Chef and Teacher John Alunni

A Culinary Calling

Keith Norris
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One of the basic truths of cooking in the early 21st century is that folks don’t learn it at home as much as they used to. This is foremost in Chef John Alunni’s mind as he guides The Cutting Edge Classroom cooking school in its goal to educate East Tennessee in culinary skills and introduce fun into the kitchen. Teaching was something he embraced later in life, after years as a professional chef. But he found that he loves being able to share with other people what he’s learned throughout the years. Alunni evangelizes cooking as an expression of the playful creativity fundamental to human experience.

 “You don’t have to be an artist, but imagination is one of the keys to cooking.”

How long have you been a chef?

For about 37 years. I started out in the military and worked my way up to restaurants and resorts. Then I got a hospitality degree and went to work as an executive chef. I got out of the kitchen for a while to come open an Earthfare in Knoxville.  After a year, I decided to get into teaching culinary, which I was doing at UT until I opened this business.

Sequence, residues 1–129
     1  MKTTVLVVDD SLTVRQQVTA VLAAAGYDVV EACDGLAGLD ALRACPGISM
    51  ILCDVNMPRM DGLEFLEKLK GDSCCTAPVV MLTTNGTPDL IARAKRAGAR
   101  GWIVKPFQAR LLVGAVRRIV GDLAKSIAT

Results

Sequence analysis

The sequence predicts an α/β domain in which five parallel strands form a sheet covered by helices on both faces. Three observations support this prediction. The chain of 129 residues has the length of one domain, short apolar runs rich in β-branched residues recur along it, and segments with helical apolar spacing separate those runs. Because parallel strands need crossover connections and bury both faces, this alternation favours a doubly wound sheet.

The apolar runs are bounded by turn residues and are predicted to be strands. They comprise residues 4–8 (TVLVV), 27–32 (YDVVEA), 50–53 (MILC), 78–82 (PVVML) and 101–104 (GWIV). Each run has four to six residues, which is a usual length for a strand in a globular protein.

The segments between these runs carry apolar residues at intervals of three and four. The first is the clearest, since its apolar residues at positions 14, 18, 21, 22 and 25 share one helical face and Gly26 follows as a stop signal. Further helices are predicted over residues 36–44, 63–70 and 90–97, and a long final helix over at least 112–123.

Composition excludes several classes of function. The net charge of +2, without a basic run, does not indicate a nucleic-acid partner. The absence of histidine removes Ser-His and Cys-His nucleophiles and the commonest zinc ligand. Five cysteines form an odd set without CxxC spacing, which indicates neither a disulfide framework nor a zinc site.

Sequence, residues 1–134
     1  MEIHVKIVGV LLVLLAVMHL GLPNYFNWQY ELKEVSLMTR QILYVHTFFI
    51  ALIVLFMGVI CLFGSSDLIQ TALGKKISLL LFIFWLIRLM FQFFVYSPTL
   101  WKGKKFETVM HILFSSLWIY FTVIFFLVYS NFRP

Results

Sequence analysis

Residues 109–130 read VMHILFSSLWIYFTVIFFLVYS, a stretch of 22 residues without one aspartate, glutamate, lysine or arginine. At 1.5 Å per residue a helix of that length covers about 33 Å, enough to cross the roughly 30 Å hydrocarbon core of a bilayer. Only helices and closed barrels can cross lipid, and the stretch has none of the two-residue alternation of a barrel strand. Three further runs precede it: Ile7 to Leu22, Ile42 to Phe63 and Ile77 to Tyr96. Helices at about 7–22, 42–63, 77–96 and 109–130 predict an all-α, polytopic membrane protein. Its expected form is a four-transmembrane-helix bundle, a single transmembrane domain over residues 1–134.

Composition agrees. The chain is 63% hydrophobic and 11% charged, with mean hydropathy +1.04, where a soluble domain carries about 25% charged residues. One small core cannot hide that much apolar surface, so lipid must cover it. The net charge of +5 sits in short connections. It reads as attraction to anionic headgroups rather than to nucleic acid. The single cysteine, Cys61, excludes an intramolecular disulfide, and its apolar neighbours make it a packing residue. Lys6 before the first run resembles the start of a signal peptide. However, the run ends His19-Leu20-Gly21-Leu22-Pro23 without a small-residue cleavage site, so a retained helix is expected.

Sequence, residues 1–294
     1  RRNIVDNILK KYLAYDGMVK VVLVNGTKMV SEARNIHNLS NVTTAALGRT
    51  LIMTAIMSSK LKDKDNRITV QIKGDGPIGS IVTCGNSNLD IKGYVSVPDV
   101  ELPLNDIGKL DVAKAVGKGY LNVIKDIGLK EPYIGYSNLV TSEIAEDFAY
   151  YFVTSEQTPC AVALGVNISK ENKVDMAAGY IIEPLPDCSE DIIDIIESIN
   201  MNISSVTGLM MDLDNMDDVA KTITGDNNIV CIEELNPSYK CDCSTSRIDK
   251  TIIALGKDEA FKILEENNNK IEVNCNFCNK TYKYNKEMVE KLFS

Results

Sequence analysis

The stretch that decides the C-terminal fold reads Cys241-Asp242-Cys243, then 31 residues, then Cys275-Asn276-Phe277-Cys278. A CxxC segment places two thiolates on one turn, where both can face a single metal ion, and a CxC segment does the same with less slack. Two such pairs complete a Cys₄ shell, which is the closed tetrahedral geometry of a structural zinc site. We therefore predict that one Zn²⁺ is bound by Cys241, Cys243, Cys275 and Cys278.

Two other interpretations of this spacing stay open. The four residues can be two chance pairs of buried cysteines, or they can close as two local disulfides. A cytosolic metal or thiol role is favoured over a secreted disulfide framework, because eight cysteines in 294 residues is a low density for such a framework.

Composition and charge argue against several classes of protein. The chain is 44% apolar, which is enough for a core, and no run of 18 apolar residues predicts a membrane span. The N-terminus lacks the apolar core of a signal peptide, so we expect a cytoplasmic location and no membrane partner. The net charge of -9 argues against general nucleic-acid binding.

Photo by Keith Norris

Do you teach students how to follow recipes?

Recipes are a guide. I try to teach them to understand that a recipe is like following a map. We try to teach them enough technique and enough skill that they can prepare things without having a recipe in front of them, where they have to read it step-by-step. Especially with kids. I like them to experiment and to use their brains, and a little bit of their imagination. I think that doesn’t get enough exercise sometimes. . . .

What precipitated your move into education?

As you get up in the years as a chef, you’ve got a lot of knowledge, but your body might not be ready for the 12-14 hour days. When I first started teaching, I did it for the easier schedule. Then I found it to be my love.

You appeal to a wide range of students with a range of classes.

We offered services first to kids. Their palates aren’t expanded beyond short order and fast food. Then we decided to try it with adults who want to up their game. Team-building is one of our many private classes. We had the whole Ice Bears team in for a burger challenge team-building event right after we first opened. We have a family that comes in and takes classes with us. We have a bachelorette party coming up.

What’s a good first step for someone who hasn’t spent much time in the kitchen?

Take a basic class or two, no matter where that is. Get an idea what it is you need to learn first. You have to know what you want to learn.

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